As can be seen from the ROC curves of the four scenes in Figure 10, compared to other algorithms, this paper first uses improved anisotropic filtering to remove most of the background interference before enhancing the target signal using the directional energy correlation enhancement algorithm. Then, the final target point is obtained using the detection algorithm for dim and small target objects in sequential images with local motion characteristics in order to obtain better detection results. At a false alarm rate Pf = 0.02, the detection rate Pd of the detection algorithm proposed in this paper is greater than 90%, compared to less than 85% for other algorithms, as illustrated in Figure 13(a). In the same scene, because the LRD algorithm builds a low-rank decomposition model based on image components comprised of multisubspace data, it generates a detection result superior to the RPCA algorithm, which relies solely on image elements in a single linear subspace. Given the same false alarm rate in the same situation, the detection rate of an LRD algorithm is higher than that of an RPCA algorithm. For example, when Pf = 0.0024, the detection rate of the LRD algorithm Pd is higher than 85%, while the RPCA algorithm is lower than 82%, as shown in Figure 13(b). The improved Top-Hat algorithm can only be applied to static or slowly changing scenes. In dynamic scenes, the algorithm has a detection rate lower than its peers. For example, when Pf = 0.0024, the improved Top-Hat detection rate Pd is less than 70%, while Pd for other algorithms are higher than 80%, as shown in Figure 13(c). Because the anisotropy detection algorithm merely takes the mean value of the spread functions of four directions in the spatial domain as the background estimation result, the algorithm cannot effectively remove nonstationary peripheral contours and has the lowest detection rates. When Pf = 0.003, the improved Top-Hat detection rate Pd is less than 70%, while Pd of other algorithms are all greater than 75%, as shown in Figure 13(d).

5.3.2. Running Time

In order to verify the efficiency of different algorithms, we calculate the efficiency of each method (s/frame), with the specific results shown in Table 6. From the table, it can be seen that the conventional Top-Hat and AF algorithms are more efficient due to their simplicity. RPCA and LRD require sample data to build a low-rank decomposition model, which is highly time-consuming. Meanwhile the algorithm proposed in the present paper requires corresponding preprocessing algorithms to obtain differential images and enhance the target signal, which also requires a certain amount of time. Compared to conventional algorithms, our proposed algorithm is less efficient but more accurate. However, the algorithm proposed in this paper requires far less computation time than the low-rank decomposition model.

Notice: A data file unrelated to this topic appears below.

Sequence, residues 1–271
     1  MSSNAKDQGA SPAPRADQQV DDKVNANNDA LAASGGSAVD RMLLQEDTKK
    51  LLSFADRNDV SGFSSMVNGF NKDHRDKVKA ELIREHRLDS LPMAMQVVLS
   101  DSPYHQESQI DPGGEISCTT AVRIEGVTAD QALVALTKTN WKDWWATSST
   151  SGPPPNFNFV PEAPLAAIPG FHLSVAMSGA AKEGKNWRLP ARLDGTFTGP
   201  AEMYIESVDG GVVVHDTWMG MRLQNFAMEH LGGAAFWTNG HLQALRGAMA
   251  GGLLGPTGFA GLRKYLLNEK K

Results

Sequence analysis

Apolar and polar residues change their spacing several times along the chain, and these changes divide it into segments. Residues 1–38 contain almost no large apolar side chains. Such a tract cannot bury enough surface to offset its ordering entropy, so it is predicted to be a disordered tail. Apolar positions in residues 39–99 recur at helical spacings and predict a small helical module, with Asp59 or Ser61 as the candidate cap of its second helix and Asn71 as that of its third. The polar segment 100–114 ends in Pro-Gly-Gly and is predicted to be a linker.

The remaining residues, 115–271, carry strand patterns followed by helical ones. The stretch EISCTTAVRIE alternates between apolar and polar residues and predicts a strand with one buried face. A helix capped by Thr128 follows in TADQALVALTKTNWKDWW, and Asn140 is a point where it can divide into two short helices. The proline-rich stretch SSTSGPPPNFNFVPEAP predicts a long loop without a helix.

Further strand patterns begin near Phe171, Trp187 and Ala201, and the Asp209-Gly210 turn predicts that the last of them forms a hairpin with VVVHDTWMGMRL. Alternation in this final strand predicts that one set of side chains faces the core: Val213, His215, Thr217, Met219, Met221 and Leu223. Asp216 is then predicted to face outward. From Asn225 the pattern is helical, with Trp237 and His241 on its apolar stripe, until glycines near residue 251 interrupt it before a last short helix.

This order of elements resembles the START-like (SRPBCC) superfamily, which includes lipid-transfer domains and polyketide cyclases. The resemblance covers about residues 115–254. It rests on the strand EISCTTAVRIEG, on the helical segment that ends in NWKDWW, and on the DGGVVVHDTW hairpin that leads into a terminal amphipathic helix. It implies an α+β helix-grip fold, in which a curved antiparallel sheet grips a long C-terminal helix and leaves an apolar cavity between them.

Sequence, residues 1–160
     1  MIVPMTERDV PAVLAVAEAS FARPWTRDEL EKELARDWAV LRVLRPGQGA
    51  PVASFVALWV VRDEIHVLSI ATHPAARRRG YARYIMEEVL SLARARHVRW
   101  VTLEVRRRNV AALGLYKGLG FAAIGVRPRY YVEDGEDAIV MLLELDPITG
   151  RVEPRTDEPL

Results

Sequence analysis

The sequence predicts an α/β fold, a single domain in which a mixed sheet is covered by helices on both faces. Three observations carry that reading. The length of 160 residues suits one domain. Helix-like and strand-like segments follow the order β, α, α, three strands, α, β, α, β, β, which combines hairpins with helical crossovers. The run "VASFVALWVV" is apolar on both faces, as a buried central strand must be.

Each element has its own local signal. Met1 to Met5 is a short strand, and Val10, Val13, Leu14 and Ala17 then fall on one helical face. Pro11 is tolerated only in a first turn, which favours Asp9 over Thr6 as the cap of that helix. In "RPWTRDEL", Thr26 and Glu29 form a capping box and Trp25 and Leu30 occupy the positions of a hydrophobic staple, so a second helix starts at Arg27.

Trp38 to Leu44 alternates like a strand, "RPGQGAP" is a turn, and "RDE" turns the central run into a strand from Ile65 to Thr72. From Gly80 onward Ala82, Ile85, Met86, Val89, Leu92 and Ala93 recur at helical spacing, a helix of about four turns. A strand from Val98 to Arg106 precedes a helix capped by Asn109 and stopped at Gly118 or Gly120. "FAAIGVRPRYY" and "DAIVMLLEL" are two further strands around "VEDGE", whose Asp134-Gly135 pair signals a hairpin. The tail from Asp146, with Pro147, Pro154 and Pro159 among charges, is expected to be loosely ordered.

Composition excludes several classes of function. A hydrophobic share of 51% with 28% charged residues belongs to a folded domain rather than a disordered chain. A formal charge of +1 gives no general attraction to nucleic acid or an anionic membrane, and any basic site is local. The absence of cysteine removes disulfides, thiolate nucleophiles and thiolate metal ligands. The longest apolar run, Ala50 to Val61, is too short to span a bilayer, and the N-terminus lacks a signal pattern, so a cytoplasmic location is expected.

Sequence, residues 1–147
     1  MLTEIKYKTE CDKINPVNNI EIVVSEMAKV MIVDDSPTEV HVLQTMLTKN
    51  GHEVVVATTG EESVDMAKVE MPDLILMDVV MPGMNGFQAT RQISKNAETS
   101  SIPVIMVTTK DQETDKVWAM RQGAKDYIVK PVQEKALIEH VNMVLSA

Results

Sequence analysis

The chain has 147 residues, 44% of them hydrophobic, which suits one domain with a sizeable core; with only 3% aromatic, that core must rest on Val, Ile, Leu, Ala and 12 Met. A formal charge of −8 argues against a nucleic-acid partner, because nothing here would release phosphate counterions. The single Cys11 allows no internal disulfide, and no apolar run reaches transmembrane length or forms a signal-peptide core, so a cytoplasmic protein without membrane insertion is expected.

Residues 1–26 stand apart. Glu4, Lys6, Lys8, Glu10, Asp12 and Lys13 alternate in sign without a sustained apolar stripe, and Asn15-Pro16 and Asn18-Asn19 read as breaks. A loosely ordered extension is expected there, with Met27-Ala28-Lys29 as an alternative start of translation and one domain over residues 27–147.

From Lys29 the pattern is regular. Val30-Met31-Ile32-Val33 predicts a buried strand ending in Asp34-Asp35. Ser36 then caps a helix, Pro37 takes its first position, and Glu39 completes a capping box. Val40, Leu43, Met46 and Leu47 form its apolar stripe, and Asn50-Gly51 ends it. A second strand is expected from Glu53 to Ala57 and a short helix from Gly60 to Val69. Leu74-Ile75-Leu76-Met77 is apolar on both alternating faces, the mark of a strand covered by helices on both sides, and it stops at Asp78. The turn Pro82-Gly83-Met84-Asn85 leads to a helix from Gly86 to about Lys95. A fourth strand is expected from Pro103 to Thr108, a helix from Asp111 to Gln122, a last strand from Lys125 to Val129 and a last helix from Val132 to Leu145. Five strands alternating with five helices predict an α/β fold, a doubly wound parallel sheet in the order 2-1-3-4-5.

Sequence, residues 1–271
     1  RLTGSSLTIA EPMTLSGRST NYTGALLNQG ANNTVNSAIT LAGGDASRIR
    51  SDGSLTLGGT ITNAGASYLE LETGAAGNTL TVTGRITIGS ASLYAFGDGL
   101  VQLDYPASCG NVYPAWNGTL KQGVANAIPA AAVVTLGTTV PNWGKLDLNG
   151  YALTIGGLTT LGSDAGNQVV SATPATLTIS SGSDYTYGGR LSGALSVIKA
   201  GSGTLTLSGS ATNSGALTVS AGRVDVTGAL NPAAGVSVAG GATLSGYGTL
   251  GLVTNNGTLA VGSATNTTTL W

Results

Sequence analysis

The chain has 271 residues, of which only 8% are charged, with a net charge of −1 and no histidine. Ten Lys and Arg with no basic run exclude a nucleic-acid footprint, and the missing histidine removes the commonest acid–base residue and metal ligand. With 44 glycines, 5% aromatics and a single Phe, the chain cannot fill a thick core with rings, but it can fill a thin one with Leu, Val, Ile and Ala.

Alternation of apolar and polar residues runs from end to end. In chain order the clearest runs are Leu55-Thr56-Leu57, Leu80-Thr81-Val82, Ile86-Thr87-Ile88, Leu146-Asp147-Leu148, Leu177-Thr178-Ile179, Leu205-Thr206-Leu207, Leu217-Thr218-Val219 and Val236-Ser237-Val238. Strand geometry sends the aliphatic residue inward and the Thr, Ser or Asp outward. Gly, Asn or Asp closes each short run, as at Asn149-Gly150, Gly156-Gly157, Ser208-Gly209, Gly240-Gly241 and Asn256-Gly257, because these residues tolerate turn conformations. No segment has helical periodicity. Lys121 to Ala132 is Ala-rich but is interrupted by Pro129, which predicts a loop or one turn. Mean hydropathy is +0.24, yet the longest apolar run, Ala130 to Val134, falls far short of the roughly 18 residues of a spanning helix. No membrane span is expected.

MethodScene 1Scene 2Scene 3Scene 4

Top-Hat0.050.070.650.20
PRCA0.730.820.801.62
LRD1.601.751.702.64
AF0.170.200.150.50
Proposed method0.520.670.420.91

6. Conclusion

This paper proposed a detection algorithm for dim and small targets in sequential images based on spatiotemporal motion characteristics. First, the gradient differences between the target and the background pixels along eight directions in the spatial feature are analyzed in depth, and the average value of the three directions with the lowest spread function values is selected as the differential filter, which preserves the target signal while effectively removing most of the background interference. Second, we propose a directional energy correlation enhancement algorithm, which enhances the target signal by multiframe accumulation in the time domain by obtaining the maximal energy value for the target for these 25 directions. Finally, on the foundation of preprocessing operations, the final target point is detected by building a detection algorithm for dim and small target objects in sequential images with local motion characteristics. Experiments show the following:(1)Through in-depth analysis of the differences in the eight directions of different regions in the image, an improved anisotropic differential filter function is constructed to effectively retain the target signal. From the three evaluation indexes of background modeling, the improved anisotropic filtering achieves better filtering effect, and SSIM, , and are greater than 0.993, 16, and 5.56, respectively.(2)The direction energy correlation enhancement algorithm firstly moves according to the target’s 25 motion modes in spatial feature, which effectively takes the spatial motion information into account in the energy enhancement. Then, it calculates the energy correlation between the shifted image and the next moment image and finally achieves the multiframe energy in the temporal domain by calculating the maximum energy of the target in 25 motion directions. Compared with the traditional multiframe enhancement algorithm, the AG and SNR of the image obtained by the proposed algorithm are 255 and 17.15 dB, respectively.(3)Through experiments on 4 dynamic scenes, it is demonstrated that, based on the preprocessing of the image, the detection algorithm proposed in this paper deeply analyzes the difference of the local motion characteristics of the target and noise in the sequence image and constructs the detection algorithm of multiframe motion association, which can effectively eliminate noise interference and detect actual target points.